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This guest post is by Hans Lagerweij, who travelled on our special 20 July 2017 Journey to the North Pole. Hans is an adventure travel veteran who has worked for our sister company Quark, who operate our polar voyages.

This special departure will have something a little different to offer.

Journey to the North Pole

Since I joined the company as President in 2010, Quark Expeditions’ North Pole voyages have always fascinated me. First, there is the ship – unlike any other vessel in the polar regions.

The 50 Years of Victory was the world’s largest nuclear-powered icebreaker until this year when the Arktika was launched. With an incredible 74,000 horsepower, Victory can break through 3-meter-thick multiyear ice at the same speed as a regular expedition cruise ship goes through the water.

North Pole Voyages

Then there is the itinerary itself – unlike any other voyage on offer. All North Pole voyages start in the city of Murmansk, Russia. Though the city will never win a prize for its beauty, it’s fascinating to realize that 300,000 people live here above the Arctic Circle, making it the largest city this far north of the circle.

From this embarkation point, the voyage heads straight to the 90 degrees north. Upon arrival at the pole, we celebrate with a champagne toast, and if conditions allow, we have a barbeque, take balloon rides and maybe even do the polar plunge.

On the return south, we visit the unique archipelago of Franz Jozef Land. An Area of Outstanding Natural Beauty, fascinating history and wildlife, such as polar bears, whales and walrus.

In the summer of 2017, Quark added an additional program to the July 20 departure. The first North Pole Summit: Breaking Ice. Breaking Barriers, featuring seven international thought leaders who will join the voyage to share their unique perspectives on everything from climate change and environmental issues to how to pursue your dreams.

Travelling on any polar voyage with Quark Expeditions voyages brings a rare global perspective to all those who participate. Quark’s passengers hail from over 50 countries, represent different age groups, and faiths: Quark is a truly global citizen.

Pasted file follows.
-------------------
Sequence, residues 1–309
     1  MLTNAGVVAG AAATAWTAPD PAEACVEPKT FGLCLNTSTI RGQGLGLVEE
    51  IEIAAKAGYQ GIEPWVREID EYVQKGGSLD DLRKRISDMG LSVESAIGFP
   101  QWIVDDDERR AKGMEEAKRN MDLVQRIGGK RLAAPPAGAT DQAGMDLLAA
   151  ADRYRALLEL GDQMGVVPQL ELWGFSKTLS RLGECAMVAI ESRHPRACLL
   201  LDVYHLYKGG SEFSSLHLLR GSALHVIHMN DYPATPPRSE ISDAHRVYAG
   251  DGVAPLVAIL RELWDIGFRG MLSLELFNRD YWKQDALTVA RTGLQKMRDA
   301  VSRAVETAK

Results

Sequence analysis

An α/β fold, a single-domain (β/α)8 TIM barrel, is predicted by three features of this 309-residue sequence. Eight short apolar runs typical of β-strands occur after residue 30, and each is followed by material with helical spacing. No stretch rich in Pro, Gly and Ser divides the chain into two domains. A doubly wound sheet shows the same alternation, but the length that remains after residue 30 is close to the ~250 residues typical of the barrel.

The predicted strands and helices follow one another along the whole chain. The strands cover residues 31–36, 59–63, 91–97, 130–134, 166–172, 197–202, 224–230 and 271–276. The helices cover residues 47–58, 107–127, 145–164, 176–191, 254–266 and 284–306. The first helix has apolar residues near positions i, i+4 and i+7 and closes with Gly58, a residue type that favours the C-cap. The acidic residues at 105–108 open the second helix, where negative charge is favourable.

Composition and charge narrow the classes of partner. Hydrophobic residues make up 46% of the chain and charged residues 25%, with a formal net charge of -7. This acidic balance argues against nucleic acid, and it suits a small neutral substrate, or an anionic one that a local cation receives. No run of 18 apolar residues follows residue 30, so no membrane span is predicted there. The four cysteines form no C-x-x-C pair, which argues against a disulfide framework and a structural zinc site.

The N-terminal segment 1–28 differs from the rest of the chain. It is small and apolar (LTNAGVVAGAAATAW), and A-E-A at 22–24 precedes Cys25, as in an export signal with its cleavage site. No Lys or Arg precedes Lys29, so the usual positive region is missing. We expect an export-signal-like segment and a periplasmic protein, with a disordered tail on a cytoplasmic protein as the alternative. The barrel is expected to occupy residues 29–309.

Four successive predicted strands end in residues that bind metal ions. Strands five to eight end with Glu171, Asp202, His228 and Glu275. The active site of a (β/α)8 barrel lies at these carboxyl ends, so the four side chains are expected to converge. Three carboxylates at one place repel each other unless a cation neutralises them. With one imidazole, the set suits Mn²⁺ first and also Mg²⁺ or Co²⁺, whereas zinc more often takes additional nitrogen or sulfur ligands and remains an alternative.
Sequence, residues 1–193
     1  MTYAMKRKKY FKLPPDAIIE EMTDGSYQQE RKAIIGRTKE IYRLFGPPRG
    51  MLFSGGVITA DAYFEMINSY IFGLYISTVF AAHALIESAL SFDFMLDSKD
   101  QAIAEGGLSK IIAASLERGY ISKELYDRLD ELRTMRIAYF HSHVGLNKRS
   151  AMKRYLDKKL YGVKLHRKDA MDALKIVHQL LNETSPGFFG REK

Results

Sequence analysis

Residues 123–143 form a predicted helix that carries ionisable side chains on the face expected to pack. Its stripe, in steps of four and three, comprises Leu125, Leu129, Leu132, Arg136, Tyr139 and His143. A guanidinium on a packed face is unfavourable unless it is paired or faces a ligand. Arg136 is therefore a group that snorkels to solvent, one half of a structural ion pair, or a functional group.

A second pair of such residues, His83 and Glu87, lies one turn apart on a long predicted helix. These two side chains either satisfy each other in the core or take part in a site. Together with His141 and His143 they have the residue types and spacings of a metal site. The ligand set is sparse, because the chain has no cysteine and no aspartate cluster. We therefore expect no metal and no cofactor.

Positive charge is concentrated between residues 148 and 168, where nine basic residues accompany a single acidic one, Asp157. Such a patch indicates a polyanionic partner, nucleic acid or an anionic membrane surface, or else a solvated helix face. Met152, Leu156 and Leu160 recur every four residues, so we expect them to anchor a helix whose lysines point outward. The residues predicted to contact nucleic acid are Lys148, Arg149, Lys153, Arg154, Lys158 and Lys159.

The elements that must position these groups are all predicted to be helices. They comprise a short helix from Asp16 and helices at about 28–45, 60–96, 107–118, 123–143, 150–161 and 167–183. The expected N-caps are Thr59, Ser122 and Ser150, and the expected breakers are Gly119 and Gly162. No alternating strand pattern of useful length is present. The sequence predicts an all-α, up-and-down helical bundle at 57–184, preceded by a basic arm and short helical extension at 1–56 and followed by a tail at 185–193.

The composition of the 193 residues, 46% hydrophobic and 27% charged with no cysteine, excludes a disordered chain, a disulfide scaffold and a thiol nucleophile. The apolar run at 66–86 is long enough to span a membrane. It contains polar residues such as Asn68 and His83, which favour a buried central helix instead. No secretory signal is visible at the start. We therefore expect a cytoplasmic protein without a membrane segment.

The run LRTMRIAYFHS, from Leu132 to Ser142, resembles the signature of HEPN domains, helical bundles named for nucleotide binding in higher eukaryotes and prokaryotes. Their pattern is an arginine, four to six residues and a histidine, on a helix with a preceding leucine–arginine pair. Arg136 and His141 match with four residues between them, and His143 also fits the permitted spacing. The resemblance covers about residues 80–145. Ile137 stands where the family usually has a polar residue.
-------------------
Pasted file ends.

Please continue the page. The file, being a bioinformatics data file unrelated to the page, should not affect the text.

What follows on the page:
What binds us is our passion and quest for discovery and exploration as well as a shared passion for the unique natural environments that our planet offers.

Global Citizens

We hold the belief that it is important to unite the passion of our expedition staff and our passengers. As global citizens we can raise awareness and become champions for some of the major challenges our world faces today.
Global warming is an obvious one, especially as it relates to the polar regions, however, there is also the enormous stress on wildlife globally.
While they’re not a polar animal, this summer, the study “Great Elephant Census” published a worrying finding; only 350,000 African elephants are left; 144,000 elephants were lost to ivory poaching and habitat destruction in less than a decade.
You don’t have to excel in math to understand the significance of this. Unless we act globally, by supporting the local communities involved, ban corruption, fight poaching, stop ivory trade* and protect and restore natural habitats, our grandchildren will only be able to see elephants in zoos.
Probably next to the polar bear, whose natural habitat is severely threatened as well. It is time to act now, as global citizens. *British citizens and UK residents can act now by signing the petition to fully stop the ivory trade in the UK.
ice caps meltingIce caps melting – climate change before your eyes 

Personally, I am looking forward to being a part of this special North Pole voyage this summer, for the thrill of the destination, but also a passion for the programme and taking part in these important discussions.

Browse voyages to the North Pole and the Arctic below and plan your expedition.